V8 Explains why we need these characteristics. The ESV starts the verse with “For” When we see that word at the start of a sentence, it points us to look backwards. We are now going to be given a reason for what we have already been told. There are benefits to having these qualities and not just having them but seeing them grow or having them in overflowing abundance. The benefit is that we will be effective and fruitful for Jesus. It is no good us having a testimony of salvation if there is no evidence of a changed life. It is no good talking about the God who is love and who has loved us if people cannot see that love in us. It’s no good talking about hope if we are about to give up.  Words and deeds go together. It is neither or. Of course, if we are growing then we will not be perfect yet.  There is no point imposing some new legalism on each other. However we should be able to see God at work in each other’s lives. I was struck by the testimony about Mike Ovey that one of his colleagues shared at his memorial service. Many had paid tribute to his humility, patience and compassion but the colleague pointed out that it wasn’t that Mike was naturally brilliant at all those things, rather he worked hard at it every day. Paul would refer to it as taking every thought captive and putting sinful desires to death in the flesh.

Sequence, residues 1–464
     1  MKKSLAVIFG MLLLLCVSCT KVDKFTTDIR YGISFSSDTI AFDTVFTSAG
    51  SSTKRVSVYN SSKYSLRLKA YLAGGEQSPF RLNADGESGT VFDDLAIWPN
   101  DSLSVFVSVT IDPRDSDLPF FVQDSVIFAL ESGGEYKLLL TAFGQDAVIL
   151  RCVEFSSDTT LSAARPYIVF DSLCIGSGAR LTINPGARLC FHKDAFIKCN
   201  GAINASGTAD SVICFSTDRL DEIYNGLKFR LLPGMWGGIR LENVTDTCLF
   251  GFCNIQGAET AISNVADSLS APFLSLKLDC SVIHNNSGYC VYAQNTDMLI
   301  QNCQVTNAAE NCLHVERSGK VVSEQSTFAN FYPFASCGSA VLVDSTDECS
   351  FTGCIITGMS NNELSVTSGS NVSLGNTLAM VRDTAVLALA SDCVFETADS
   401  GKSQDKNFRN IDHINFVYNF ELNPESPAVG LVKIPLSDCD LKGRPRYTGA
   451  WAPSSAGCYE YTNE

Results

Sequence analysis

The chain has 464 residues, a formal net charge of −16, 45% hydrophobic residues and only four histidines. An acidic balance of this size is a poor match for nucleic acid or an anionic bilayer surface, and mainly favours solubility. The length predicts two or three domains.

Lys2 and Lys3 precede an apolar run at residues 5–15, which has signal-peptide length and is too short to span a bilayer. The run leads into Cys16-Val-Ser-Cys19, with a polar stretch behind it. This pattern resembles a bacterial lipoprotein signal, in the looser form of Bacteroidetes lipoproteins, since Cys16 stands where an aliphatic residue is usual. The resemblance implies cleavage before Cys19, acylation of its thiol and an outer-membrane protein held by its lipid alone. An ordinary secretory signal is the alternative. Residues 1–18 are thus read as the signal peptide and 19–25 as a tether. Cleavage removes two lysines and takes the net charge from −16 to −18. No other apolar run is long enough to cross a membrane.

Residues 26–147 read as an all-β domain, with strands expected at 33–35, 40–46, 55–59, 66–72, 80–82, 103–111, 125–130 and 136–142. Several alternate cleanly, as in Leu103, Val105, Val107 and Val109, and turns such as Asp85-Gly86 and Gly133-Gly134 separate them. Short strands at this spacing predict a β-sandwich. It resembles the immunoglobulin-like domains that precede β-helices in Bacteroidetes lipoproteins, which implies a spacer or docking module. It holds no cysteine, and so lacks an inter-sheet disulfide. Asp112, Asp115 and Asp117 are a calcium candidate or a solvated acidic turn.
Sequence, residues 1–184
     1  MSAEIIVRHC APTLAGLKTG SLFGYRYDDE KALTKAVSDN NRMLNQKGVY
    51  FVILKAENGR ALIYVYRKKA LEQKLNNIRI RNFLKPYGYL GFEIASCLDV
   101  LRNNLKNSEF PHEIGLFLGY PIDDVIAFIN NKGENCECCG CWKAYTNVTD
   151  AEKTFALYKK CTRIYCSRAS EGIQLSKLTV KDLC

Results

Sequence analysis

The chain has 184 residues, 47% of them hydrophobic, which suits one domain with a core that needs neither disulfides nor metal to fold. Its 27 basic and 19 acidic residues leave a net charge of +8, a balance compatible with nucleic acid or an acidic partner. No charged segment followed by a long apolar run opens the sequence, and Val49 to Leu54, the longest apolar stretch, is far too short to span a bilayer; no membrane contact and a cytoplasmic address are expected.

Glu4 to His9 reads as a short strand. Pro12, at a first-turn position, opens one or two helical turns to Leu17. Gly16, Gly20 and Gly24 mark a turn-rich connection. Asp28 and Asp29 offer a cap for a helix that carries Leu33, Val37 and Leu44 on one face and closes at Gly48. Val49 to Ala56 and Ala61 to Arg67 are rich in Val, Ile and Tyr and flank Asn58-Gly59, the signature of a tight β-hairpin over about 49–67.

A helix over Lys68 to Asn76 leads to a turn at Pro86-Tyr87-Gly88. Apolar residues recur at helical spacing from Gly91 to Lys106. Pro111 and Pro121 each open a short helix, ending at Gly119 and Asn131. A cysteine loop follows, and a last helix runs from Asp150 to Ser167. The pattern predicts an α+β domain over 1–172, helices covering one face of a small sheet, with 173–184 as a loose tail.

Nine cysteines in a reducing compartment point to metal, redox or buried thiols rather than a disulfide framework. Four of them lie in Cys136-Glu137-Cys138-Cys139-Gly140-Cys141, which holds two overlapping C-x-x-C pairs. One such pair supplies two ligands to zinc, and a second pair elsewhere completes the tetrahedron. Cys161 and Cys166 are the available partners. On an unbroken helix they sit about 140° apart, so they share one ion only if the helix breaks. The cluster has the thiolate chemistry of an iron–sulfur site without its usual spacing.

V9. So if we lack these characteristics, the opposite is true. We are ineffective and unfruitful. Indeed, Peter refers to such people as short-sightedly blind. I was talking with a Christian who is registered blind recently. He said that he really struggles with what he sees as “ableist language. Talking about people being spiritual blind, he says, gives a poor image of blind people. You see, there is a difference between being born blind or losing your sight through ill health and wilfully refusing to see. Here we have people who screw their eyes up tight shut to avoid seeing  God’s purpose and ways. This short-sightedness chooses to look at what is just in front of us and to miss the hope we have as we look forward into eternity. It is no surprising that such people lack endurance and self-control,  they lack knowledge of God’s purpose and so are more likely to be knocked off course. It is not surprising that they become selfish and unloving. If all I have is today then I will make the best of it and look after number one.